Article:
Email: kwelsher (at) Princeton.edu
Kevin grew up in Montgomery, New Jersey, just up the road from Princeton. He did his undergraduate work at Emory University, performing research under Dr. Johnathan Rienstra-Kiracofe and Prof. Eric Weeks. Kevin received his PhD in Chemistry at Stanford University in 2010 under the guidance of Prof. Hongjie Dai, where he developed and applied nanoscale probes as biological imaging agents in the near infrared. Since joining the Yang Lab in Fall 2010, Kevin has worked on pushing the limits of 3D single-particle tracking technology to allow greater insights into the behavior of single molecules in vivo. In his ample free time, Kevin enjoys swimming, reading and cooking.
Email: ntemerso (at) princeton.edu
Nyssa remains mysterious.
B.Sc. 2012, Caltech
Email: lfg (at) princeton.edu
Luis was born and raised in El Paso, Texas. He attended the California Institute of Technology as an undergraduate, where he majored in Chemistry and received his B.S. in 2012. During his junior and senior years, he worked in the lab of Professor Jacqueline Barton. There, he helped develop and optimize enzymatic methods to enhance the signals measured by electrochemical biosensors utilizing DNA charge transfer. He then joined the Princeton Chemistry department as a Ph.D. graduate student in 2012. He is a joint student between the Muir and Yang labs, where he aims to combine the chemical biology and biophysical tools developed in these two groups to investigate the real-time conformational dynamics of chromatin/protein interactions at a single-molecule level. However, currently he is coming to terms with the fact that the seasons he gets to experience now that he's in the Northeast are the bad ones. Outside of the lab Luis enjoys biking and cookouts with friends.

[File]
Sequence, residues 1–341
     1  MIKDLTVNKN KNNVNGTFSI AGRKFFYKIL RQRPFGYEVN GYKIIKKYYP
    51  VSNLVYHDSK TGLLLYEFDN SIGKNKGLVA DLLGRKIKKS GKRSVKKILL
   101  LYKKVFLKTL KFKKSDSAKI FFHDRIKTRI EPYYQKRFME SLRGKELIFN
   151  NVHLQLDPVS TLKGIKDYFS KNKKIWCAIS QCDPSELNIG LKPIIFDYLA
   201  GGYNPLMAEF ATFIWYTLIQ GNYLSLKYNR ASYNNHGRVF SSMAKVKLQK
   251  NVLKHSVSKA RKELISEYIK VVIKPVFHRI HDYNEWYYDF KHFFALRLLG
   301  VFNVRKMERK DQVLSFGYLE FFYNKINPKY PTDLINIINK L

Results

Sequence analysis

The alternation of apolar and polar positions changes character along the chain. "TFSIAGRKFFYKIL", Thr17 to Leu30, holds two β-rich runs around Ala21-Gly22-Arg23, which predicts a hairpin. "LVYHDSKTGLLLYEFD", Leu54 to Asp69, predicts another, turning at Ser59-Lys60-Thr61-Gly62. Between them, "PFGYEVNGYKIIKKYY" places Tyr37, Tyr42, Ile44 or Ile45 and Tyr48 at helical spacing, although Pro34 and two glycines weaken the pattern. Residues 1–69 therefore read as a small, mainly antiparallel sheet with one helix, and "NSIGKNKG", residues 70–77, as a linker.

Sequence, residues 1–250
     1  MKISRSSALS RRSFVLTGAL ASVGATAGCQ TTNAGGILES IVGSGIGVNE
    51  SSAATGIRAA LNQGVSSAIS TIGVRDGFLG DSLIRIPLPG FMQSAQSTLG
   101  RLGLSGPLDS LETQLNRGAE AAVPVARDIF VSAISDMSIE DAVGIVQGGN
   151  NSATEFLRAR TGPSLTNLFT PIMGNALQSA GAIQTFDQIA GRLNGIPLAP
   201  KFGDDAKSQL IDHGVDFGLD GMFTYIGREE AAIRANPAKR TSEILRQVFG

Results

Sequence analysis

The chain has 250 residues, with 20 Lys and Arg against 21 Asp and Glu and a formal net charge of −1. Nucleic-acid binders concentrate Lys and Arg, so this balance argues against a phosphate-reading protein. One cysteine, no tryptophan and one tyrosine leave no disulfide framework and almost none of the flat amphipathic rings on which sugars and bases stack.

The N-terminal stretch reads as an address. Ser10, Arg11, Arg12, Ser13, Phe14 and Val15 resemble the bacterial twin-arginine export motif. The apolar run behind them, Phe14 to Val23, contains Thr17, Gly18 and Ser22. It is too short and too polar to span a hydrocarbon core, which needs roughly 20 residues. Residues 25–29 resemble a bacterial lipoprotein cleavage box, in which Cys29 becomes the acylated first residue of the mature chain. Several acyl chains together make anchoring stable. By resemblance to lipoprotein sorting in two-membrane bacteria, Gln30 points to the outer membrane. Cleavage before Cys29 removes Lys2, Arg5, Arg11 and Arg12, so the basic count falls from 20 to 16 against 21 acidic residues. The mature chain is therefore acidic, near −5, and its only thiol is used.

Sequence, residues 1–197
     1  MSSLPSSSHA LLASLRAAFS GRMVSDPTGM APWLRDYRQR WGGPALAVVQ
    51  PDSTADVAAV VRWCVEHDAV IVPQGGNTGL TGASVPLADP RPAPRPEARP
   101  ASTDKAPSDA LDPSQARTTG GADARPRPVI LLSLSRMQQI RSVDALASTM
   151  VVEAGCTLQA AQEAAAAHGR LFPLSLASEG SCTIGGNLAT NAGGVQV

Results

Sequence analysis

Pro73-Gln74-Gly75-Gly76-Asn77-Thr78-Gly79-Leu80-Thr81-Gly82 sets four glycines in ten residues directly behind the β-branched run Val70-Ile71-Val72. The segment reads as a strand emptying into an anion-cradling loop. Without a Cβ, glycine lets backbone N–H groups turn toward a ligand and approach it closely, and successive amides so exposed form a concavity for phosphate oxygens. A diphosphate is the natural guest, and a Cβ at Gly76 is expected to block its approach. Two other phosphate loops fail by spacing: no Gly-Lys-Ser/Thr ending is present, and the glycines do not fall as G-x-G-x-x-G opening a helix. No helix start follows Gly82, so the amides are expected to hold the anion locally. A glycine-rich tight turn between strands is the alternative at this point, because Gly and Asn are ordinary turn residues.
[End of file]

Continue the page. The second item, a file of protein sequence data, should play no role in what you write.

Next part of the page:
B.Sc. 2013, Nanjing University
Email: haoli (at) princeton.edu
Hao has not decided whether he wants to divulge his past or not; however, he is definitely interested in getting a Ph.D. degree, for now.
Email: tmorrell (at) Princeton.edu
Tom grew up in Northern New Jersey and graduated from Hamilton College with B.A. in Chemistry in 2010. As an undergraduate he learned molecular simulation techniques and studied both small water clusters and proteins. He continues this line of work as the Yang Lab's computational chemist, using simulations to provide new insight into protein dynamics. He is also the lab’s own IT department. To relax Tom plays drums in the Princeton University Wind Ensemble. He is also an avid hiker.
Email: xunsun (at) Princeton.edu
Hometown: Zhejiang, ChinaXun obtained his B.S. from Tsinghua University in Beijing after a couple years of treating murine cells with amyloid-β aggregates in Dr. Yan-mei Li’s lab. After that experience he decided to battle against those amyloidogenic molecules in graduate school. Insulin-degrading enzyme is known to break down a variety of such molecules and now he is working on understanding the molecular basis for those degradations, one molecule at a time. Outside the lab, he apparently enjoys watching movies, one per year.
Email: rlawler1 (at) nd.edu
Email: jaycheng (at) Princeton.edu